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UK visa advice

Visa routes for studies in the UK: Student visa (formerly Tier 4 visa), Visitor visa and Short-term Study (English language) visa

Important: The information contained below is correct as of 20 May 2024 and is for guidance only. Although every effort is made to ensure its accuracy, we strongly recommend you visit the UKVI website for up-to-date information.

The main visa route for international students to study in the UK is the Student visa. The Visitor visa and Short-Term study (English language) visa also provide visa routes for certain type of courses.

Table of Contents

Student Route

Under the new Points-Based System (PBS), Student Route replaced Tier 4 Route as the main visa route for international students since 5 October 2020. Broadly speaking Student Visa route is the main visa route for full-time academic courses lasting longer than six months for international students who need a visa to study in the UK. However, it can also be used for shorter courses such as a 3-months pre-sessional English language course, leading to main academic programmes. There are two sub-categories under Student visa route:

  • Student visa (for applicants aged 16 years old or above)
  • Child Student visa (for those attending programmes at independent schools under the age of 18)

Further details on eligibility, required documents and application can be found at


Visitor Route (up to 6 months) and Short-term Study Visa (English Language up to 11 months)

From 1 December 2020, Visitor visa permits studies of short courses up to 6 months at an accredited institution or recreational studies of up to 30 days.

Short-term Study (English language) visa -formerly known as the Short-term Study (11 months) visa- is for students aged 16 years or above to study pure English Language courses that last up to 11 months in length. If the English language course is less than 6 months, students could use the Visitor visa route instead.

Further details on eligibility, required documents and application can be found at

The main differences between Student visa and Visitor visa, including Short-term Study (English language) visa are:

  • There is no work rights under Visitor visa route (volunteer is permitted but not any employed work or voluntary work)
  • Visitor visa cannot be extended in the UK or be allowed to switch to Student visa in the UK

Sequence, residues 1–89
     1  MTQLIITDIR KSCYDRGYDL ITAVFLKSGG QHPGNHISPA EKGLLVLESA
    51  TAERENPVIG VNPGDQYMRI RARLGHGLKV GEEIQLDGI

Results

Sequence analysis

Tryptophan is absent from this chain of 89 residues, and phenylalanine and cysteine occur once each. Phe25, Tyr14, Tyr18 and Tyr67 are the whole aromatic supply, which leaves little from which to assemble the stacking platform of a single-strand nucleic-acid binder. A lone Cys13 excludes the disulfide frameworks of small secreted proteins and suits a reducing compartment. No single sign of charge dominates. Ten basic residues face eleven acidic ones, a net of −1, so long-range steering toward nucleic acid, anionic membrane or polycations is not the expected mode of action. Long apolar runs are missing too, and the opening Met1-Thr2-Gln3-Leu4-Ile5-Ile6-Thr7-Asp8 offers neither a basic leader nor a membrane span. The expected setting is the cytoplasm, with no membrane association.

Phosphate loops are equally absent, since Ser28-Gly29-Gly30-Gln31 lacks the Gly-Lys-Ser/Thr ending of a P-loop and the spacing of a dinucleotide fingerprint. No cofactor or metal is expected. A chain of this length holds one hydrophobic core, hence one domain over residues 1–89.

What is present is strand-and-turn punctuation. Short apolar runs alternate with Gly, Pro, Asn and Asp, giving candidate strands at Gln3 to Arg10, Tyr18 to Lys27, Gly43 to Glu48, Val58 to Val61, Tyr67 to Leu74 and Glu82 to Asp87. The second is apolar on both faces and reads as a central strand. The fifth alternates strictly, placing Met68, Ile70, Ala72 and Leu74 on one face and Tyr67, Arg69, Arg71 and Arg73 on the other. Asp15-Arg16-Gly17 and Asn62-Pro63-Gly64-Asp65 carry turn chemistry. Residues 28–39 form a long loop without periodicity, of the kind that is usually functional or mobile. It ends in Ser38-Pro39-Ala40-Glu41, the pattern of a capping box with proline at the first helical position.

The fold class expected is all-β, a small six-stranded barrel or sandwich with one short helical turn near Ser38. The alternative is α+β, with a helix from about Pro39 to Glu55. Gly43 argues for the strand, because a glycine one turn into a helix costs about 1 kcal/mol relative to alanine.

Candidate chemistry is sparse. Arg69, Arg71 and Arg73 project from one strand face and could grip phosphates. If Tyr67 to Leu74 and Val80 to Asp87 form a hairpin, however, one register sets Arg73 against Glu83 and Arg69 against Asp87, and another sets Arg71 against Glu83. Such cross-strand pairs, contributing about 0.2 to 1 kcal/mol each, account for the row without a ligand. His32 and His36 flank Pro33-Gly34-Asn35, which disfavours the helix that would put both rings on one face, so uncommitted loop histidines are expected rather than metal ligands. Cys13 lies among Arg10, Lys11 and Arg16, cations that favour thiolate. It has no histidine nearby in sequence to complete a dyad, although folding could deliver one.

Therefore students should only study under a Visitor visa, if they are absolutely certain they will not want to stay for longer than six months (or 11 months in the case of pure English Language courses) and are prepared to switch to Student visa from outside the UK.

Student visa under the new Points-Based system

In order to qualify for Student visa, students must pass a points-based assessment and score 70 points by satisfying the following:

Number of points Criteria

Presentation of a Confirmation of Acceptance for Studies (CAS) from a licensed Student sponsor and provide relevant documentations used to obtain the CAS.


Evidence to show they have the finances to study in the UK (known as maintenance) by demonstrating they can cover:

  • Course fees (1st year)
  • Monthly living costs (up to 9 months)
See ‘Evidence of your finances’ document for examples and tips on how to prepare for financial evidence.

Evidence of English language proficiency

70 Total points required to be granted a Student visa

Confirmation of Acceptance for Studies (CAS)

The Confirmation of Acceptance for Studies (CAS) will include information about the student (name/DOB/passport number), their sponsor (educational institution), their course, the evidence used to obtain the offer (academic and English proficiency documents) and the fees.

Cambridge Education Group's admissions team will send out CAS statement to those who need to apply under the Student visa route once all the conditions of the offer have been satisfied. Final CAS is conditional upon the student fulfilling the terms set out in their offer letter and having confirmed their place by returning the required deposit or financial sponsorship letter. The CAS statement will then need to be submitted with their visa application.

The CAS statement from our admissions team will include:

  • The Sponsor Licence Number, address, contact details and ACL code for BRP collection (if applicable)
  • The student's name, date of birth, nationality, country of birth and passport/travel document number.
  • Course details such as name, RQF level, start date and end date, teaching hours per week, address of student's main place of study.
  • Documents used to obtain the offer: this will give a brief description of our assessment of the student's academic level and English proficiency, including details such as student's previous courses/qualifications and Secure English Language Test (SELT) results and reference number. If a student has previously studied in the UK under Student or Tier 4 route, an Academic Progression statement on how the new course of studies represents academic progression is also included.
  • Course fees for the first year of the course and any payments already received. If relevant, any accommodation fees for the first year and any payments already received towards it.

English language requirement

English language requirement under Student visa depends on the course level of the programme as per below:

  • RQF Level 3-5: CEFR Level B1 (IELTS 4.0 minimum or equivalent in all 4 components)
  • RQF Level 6+: CEFR Level B2 (IELTS 5.5 minimum or equivalent in all 4 components)

Students with English level below B1/IELTS 4.0 can attend English language course by studying under Short-term Study (English language) visa, provided they are at least 16 years old.

For below degree level programmes (RQF Level 3, 4 & 5), Student visa applicants must complete and pass a Secure English Language Test (SELT), unless they are exempt from SELT (see below section on ‘SELT exemption’ for further details). Please check the current list of approved SELT tests. All students requiring a SELT will need to take an IELTS for UKVI test at an approved SELT centre. The list of approved centres can also be found via the link above.